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dc.contributor.authorBachlechner, Thomas
dc.date.accessioned2015-10-15T18:11:50Z
dc.date.available2020-08-17T06:00:44Z
dc.date.issued2015-08-17
dc.identifier.otherbibid: 9333217
dc.identifier.urihttps://hdl.handle.net/1813/41166
dc.description.abstractThe first run at the Large Hadron Collider has deeply challenged conventional notions of naturalness, and CMB polarization experiments are about to open a new window to early universe cosmology. As a compelling candidate for the ultraviolet completion of the standard model, string theory provides a prime opportunity to study both early universe cosmology and particle physics. However, relating low energy observations to ultraviolet physics requires knowledge of the metastable states of string theory through the study of vacua. While it is difficult to directly obtain infrared data from explicit string theory constructions, string theory imposes constraints on low energy physics. The study of ensembles of low energy theories consistent with ultra-violet constraints provides insight on generic features we might expect to occur in string compactifications. In this thesis we present a statistical treatment of vacuum stability and vacuum properties in the context of random supergravity theories motivated by string theory. Early universe cosmology provides another avenue to high energy physics. From the low energy perspective large field inflation is typically considered highly unnatural: the scale relevant for the diameter of flat regions in moduli space is sub-Planckian in regions of perturbative control. To approach this problem, we consider generic Calabi-Yau compactifications of string theory and find that super-Planckian diameters of axion fundamental domains in fact arise generically. We further demonstrate that such super-Planckian flat regions are plausibly consistent with the Weak Gravity Conjecture.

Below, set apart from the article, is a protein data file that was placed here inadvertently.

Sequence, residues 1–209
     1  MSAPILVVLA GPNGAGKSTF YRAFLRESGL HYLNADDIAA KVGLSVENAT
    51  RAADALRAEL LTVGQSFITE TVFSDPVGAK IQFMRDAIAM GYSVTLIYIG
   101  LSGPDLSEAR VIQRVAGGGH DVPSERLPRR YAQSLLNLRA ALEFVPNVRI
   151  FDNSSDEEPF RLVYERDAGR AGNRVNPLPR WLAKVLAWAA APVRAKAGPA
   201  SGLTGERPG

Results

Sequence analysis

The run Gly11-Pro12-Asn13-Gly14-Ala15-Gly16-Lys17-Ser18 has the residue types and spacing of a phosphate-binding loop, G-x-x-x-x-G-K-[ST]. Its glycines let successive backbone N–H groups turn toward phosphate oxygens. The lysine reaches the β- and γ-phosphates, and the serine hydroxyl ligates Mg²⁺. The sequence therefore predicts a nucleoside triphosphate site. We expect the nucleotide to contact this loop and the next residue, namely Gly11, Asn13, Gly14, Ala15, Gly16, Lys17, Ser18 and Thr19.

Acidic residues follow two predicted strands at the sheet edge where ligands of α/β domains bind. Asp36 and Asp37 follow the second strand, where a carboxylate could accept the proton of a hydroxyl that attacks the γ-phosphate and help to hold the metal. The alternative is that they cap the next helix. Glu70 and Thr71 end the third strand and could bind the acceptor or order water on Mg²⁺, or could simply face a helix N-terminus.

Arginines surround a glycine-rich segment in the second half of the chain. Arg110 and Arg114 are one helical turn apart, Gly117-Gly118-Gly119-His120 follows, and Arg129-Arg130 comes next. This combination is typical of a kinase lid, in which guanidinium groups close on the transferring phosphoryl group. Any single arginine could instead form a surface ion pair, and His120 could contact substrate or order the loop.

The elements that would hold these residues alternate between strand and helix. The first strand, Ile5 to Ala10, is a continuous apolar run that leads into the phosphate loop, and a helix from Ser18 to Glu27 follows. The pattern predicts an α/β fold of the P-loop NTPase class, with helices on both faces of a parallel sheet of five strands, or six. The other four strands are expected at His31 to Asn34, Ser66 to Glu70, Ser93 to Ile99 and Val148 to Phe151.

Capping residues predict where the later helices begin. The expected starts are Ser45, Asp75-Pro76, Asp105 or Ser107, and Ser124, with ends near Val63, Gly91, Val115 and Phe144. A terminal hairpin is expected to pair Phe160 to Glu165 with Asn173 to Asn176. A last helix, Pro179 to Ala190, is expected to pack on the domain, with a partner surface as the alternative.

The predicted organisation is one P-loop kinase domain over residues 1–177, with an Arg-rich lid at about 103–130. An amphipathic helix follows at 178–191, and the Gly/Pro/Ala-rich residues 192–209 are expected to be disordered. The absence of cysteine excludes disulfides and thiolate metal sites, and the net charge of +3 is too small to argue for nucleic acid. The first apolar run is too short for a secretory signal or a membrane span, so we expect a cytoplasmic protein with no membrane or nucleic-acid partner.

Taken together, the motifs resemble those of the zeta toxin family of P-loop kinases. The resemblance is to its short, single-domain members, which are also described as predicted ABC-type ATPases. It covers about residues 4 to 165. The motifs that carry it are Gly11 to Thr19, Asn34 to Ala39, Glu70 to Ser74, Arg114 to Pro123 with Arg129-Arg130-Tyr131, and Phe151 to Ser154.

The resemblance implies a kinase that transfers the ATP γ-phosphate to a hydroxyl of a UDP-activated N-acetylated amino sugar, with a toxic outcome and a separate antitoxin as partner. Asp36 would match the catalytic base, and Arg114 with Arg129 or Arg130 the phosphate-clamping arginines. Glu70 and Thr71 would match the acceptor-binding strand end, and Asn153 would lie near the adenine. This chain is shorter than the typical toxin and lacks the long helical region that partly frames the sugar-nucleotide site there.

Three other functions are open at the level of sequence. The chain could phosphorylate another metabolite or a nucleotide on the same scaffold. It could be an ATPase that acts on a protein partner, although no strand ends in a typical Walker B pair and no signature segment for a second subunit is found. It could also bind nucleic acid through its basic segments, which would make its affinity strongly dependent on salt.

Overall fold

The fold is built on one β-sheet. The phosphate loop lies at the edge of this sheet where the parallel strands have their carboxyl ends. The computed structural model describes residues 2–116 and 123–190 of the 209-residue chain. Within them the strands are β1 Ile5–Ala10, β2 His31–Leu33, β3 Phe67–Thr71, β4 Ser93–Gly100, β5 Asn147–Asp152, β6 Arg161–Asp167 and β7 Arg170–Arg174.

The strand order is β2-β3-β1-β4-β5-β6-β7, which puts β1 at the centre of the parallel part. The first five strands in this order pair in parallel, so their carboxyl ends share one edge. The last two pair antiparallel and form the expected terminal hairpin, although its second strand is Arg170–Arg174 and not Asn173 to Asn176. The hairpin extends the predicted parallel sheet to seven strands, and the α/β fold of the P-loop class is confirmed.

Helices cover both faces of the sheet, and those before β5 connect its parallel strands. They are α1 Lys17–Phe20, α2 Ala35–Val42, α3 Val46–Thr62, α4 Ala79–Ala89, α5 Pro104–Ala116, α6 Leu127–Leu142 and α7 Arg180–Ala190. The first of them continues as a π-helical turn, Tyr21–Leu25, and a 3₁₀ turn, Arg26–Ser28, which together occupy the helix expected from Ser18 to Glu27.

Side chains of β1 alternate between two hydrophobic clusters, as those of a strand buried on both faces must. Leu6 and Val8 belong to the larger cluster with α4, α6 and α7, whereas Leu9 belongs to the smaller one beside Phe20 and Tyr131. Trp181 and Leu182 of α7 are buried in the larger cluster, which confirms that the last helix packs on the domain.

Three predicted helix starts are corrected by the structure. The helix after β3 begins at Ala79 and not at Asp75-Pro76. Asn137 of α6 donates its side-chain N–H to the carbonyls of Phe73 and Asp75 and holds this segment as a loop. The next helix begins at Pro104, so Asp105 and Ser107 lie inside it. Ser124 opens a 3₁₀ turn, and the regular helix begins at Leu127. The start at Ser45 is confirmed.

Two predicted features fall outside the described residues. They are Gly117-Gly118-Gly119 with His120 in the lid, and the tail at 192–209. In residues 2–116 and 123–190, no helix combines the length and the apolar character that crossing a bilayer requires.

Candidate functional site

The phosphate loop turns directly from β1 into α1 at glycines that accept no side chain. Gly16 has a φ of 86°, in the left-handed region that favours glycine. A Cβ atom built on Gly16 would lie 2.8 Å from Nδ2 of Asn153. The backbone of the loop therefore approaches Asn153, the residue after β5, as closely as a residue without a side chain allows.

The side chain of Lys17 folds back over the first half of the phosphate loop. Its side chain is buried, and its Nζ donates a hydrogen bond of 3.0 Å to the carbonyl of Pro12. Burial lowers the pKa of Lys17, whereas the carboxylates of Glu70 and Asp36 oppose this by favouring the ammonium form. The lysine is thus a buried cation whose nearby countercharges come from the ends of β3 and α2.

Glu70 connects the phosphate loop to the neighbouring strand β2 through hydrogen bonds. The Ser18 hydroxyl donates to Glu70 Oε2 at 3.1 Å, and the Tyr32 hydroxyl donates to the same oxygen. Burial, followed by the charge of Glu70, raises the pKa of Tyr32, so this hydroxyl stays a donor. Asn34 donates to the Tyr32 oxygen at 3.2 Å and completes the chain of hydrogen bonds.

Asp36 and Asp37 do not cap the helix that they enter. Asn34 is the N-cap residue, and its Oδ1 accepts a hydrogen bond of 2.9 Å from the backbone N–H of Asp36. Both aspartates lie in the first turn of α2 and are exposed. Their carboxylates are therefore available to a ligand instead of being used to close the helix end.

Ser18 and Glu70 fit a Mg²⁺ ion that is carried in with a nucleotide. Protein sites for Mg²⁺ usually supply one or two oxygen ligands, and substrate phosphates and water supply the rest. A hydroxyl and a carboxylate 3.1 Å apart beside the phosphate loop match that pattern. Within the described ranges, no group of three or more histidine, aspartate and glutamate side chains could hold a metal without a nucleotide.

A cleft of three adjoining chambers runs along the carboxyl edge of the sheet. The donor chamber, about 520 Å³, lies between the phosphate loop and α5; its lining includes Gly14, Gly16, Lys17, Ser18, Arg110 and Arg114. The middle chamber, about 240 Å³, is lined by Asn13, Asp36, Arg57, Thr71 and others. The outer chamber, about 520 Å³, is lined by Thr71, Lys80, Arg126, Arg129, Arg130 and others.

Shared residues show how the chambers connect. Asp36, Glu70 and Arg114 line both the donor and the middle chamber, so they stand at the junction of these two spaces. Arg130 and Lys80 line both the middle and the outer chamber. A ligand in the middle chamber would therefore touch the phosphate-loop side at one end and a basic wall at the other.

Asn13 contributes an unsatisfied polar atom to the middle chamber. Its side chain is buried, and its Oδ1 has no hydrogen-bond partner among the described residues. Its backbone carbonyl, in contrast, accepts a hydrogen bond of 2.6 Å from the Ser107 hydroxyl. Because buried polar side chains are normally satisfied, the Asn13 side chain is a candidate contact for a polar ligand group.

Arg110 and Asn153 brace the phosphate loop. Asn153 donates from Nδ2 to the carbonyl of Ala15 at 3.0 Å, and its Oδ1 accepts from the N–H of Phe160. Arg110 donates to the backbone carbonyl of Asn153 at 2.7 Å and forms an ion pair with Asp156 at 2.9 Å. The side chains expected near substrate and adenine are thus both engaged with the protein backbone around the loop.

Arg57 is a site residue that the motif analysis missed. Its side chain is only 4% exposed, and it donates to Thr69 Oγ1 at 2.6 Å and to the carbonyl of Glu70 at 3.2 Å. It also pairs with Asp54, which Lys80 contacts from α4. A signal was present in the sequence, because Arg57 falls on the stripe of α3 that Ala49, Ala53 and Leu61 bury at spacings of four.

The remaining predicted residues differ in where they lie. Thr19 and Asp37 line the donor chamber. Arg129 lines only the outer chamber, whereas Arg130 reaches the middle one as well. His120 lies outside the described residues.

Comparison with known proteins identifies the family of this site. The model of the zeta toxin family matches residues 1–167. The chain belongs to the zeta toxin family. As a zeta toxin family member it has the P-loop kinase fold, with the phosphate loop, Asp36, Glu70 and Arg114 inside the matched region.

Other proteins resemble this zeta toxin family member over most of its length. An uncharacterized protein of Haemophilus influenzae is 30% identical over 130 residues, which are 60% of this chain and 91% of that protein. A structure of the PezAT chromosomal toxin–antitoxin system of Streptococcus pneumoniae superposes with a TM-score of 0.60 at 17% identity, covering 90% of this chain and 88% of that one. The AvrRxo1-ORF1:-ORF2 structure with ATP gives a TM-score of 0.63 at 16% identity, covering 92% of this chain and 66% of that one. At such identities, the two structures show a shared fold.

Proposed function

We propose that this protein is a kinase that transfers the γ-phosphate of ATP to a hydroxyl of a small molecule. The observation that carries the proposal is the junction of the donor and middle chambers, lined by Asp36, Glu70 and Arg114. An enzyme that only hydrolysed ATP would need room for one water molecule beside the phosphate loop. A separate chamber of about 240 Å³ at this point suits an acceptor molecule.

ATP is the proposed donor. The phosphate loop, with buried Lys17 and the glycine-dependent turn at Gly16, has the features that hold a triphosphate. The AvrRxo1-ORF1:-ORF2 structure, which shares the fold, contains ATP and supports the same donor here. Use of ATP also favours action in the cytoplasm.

dc.language.isoen_US
dc.subjectFlux vacua, string theory, cosmology
dc.titleUniversality And String Theory
dc.typedissertation or thesis
thesis.degree.disciplinePhysics
thesis.degree.grantorCornell University
thesis.degree.levelDoctor of Philosophy
thesis.degree.namePh. D., Physics
dc.contributor.chairMcAllister,Liam
dc.contributor.committeeMemberBean,Rachel E.
dc.contributor.committeeMemberBazarov,Ivan


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